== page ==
Introducing B21 Scholar: Julien Otis-Laperrière

For your pleasure, I recommend that you put on Nils Frahm’s “Kaleidoscope” to accompany this text (Youtube link: https://www.youtube.com/watch?v=YVSo2rdmTOA ).

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This story begins with another’s: Clifford D. Simak’s “City”. In a few short stories from the 1940s, Simak paints humanity’s long-term future: cities breaking down because of technology, systematic isolation because of abundance, a mass exodus to a “paradise” found on Jupiter, and the solitude of the few humans that remain on Earth in massive fortresses where death is replaced by suspended sleep[1].

Simak’s first three short stories recount how cities fell. He saw air travel as the logical extension of ground travel; suburbs expanding so far that they became autonomous homesteads powered by small atomic reactors, fed by hydroponic farms, maintained by robots, and connected to the rest of the world with holographic calls. As humans scattered their dwellings, their physical communities got increasingly localized and nuclear, and eventually all collaboration could be carried out without meeting face to face.

Humans became islands but prospered regardless.

It’s this idea of decoupling abundance and socialization which caught my eye. In Simak’s world, it happened with the emergence of extreme autonomy; in ours, this decoupling arises in the anonymous interdependence that supports our way of life. In cities, our population has grown so large that the logistics of keeping it all running—waste management, utilities, police, emergency services, to name a few—have required fleets of dedicated workers to be recruited and organized in vast companies and municipal services. No matter how vital, though, these workers are anonymous to city-dwellers.

Beyond cities, the development of product supply chains that span the globe and myriads of cultures further shows how broad our “network of dependency” has grown. Again, most of us know neither where the parts of our finished products were made, nor the individuals who contributed to production. In saying this, I am suggesting neither condemnation nor praise, as truly caring about everyone who infinitesimally contributes to our lives is exhausting to conceive, and impossible to survive. What I am suggesting, however, is that our transition from known craftsmen to anonymous and distant workers might foreshadow the shift of more parts of our lives to anonymous, infinitesimally influential actors.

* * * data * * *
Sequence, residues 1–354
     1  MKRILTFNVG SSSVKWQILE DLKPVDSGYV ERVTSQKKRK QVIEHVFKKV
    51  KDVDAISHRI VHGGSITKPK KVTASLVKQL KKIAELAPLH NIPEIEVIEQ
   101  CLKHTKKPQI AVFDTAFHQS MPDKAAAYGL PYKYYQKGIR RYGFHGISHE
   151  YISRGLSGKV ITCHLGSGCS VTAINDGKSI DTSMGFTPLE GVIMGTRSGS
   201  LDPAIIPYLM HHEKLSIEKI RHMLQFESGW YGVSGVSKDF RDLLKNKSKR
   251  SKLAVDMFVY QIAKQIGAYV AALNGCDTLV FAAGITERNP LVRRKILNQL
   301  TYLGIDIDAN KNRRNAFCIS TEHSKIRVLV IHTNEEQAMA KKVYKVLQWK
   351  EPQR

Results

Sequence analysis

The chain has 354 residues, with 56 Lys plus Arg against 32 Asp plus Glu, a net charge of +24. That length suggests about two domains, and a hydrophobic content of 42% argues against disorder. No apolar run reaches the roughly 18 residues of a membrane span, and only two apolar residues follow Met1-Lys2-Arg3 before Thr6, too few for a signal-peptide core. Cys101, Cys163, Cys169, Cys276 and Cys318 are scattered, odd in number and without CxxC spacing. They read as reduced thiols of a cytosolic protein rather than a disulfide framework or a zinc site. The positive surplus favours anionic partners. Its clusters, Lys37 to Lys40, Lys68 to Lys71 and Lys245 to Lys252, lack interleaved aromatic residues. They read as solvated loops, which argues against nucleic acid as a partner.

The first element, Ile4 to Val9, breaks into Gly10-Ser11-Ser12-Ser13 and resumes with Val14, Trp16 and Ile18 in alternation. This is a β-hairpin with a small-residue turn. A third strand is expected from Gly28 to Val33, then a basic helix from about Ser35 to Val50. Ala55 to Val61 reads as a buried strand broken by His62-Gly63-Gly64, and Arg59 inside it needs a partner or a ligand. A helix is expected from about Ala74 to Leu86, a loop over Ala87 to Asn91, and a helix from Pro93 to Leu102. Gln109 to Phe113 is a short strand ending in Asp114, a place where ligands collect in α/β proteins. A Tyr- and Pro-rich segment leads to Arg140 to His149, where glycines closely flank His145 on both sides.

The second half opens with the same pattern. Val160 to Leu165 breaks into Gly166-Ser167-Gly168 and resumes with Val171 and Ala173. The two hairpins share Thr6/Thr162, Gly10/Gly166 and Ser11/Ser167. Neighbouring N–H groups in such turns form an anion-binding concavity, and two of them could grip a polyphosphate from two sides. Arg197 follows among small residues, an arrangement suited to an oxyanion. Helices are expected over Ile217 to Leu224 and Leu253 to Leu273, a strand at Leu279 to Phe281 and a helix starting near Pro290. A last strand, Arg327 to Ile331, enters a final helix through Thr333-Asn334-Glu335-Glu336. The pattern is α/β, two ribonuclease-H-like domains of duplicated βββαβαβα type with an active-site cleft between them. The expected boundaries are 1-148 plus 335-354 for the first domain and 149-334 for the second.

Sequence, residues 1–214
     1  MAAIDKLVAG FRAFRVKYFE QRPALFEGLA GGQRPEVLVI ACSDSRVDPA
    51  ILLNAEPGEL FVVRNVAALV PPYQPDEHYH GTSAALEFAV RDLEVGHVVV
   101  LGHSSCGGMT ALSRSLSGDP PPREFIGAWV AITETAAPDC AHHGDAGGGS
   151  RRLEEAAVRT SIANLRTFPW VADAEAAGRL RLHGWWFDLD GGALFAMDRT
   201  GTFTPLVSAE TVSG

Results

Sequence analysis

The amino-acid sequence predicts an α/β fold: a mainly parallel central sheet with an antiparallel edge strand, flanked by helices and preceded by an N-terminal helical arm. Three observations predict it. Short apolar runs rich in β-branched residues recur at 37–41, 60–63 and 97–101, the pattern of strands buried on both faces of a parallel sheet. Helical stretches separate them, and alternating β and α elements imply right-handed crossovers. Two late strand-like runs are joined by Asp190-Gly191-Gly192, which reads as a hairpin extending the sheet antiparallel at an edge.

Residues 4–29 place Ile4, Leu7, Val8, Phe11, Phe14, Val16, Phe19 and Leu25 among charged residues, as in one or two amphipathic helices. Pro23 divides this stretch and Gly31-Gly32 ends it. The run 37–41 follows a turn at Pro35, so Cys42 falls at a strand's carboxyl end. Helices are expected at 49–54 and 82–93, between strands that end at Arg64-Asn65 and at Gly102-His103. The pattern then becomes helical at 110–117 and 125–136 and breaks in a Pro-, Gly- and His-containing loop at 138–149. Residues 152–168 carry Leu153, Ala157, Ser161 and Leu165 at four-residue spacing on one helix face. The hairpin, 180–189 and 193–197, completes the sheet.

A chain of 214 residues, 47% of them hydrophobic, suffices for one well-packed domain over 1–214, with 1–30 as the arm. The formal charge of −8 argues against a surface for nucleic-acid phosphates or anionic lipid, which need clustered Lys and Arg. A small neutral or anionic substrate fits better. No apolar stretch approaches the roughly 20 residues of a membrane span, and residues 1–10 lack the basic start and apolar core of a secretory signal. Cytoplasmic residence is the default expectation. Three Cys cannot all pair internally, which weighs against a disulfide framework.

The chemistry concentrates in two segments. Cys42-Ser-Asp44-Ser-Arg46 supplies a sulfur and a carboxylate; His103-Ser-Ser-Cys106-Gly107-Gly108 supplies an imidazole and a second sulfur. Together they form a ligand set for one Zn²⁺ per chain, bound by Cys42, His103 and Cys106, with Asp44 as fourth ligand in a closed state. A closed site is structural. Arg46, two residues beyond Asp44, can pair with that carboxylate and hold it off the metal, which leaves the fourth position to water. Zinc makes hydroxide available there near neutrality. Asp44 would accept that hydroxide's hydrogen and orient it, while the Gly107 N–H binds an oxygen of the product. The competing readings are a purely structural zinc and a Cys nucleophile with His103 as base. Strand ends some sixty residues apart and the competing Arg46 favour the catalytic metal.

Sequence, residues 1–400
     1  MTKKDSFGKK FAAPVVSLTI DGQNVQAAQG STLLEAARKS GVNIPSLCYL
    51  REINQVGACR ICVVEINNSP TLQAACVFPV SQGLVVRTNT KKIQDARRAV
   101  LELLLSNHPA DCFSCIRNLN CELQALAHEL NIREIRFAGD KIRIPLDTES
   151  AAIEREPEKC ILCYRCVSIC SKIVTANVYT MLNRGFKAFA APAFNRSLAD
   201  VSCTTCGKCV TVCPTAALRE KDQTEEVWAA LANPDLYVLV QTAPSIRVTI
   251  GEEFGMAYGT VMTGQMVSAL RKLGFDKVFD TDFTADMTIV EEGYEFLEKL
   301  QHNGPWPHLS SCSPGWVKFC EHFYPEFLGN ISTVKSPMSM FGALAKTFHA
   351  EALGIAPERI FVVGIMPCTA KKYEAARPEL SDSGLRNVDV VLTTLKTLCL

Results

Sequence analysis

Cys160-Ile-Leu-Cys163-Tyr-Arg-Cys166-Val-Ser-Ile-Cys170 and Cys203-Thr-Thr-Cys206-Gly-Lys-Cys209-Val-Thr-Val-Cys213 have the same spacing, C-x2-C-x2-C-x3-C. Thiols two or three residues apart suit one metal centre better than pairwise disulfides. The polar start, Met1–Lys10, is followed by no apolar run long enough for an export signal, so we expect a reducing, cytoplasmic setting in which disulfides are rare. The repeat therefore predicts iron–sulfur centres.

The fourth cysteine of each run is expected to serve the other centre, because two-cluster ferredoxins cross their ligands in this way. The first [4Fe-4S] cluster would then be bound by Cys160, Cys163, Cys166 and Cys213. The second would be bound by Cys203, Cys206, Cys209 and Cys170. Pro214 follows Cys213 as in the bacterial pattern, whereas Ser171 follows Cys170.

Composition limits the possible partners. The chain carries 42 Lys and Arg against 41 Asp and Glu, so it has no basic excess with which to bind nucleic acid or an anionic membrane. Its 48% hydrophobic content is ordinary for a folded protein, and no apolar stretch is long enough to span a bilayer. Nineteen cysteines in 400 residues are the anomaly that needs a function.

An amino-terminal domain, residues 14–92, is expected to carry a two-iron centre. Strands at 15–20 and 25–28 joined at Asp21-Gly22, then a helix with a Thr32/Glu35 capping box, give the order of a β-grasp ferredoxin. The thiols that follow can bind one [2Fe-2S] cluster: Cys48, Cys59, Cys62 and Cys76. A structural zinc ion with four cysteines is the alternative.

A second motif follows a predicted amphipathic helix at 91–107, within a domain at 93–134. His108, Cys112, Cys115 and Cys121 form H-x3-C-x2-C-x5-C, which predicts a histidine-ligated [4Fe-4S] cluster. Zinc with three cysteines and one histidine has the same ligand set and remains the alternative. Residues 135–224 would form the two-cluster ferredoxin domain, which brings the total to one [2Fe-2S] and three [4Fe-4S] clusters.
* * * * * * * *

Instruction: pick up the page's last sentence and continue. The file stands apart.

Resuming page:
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Today, we’re seeing a sharing economy develop that relies on strangers sharing assets—cars, rooms, parking spots—with other strangers. And this sharing economy is showing us an alternative world where we can maximize the use of the assets society produces: cars could spend less time unused, more time driving with full loads (Uber); apartments or houses could always be lived in (Airbnb); valuable parking in city centers could always have a user (SpotShare). In theory, a sharing economy gets better deals for customers by connecting demand and supply and reduces the ecological footprints of individuals by maximizing the use of assets which embody energy. In practice, we know things are more complicated, with ride-sharing often blamed for increased congestion in cities, and Airbnb seen as responsible for increased renting costs. Beyond these widely discussed impacts, I’m interested in how a sharing economy extends our sphere of anonymous interdependence.

I’ll be using cities as a physical manifestation of the joint evolution of human communities and technology; drawing from case studies, history, and economics to understand and explain how anonymous interdependence emerged and on what trajectory it might propel humanity. Some topics of interest are rural exodus, demographics, communications infrastructure, corporate agglomeration, energy systems, privacy efforts, blockchain technology, digital peer-to-peer services, and more. It’s not a closed list. I’m not well-read enough to substantiate all my claims with sources, and I don’t want my breadth to be shackled by undue fact-checking; where divergence from common sense occurs, however, expect either explicit speculation or sources. The series of essays that will emerge from this project will be conjecture about the future fueled by legitimate research about the past and present; a coherent patchwork of ideas that paints a world that could be, based on the world that is.

I am a mechanical engineering student taking a minor in Urban Systems, and I am also a propulsion lead on the McGill Rocket Team.

David Jhave Johnston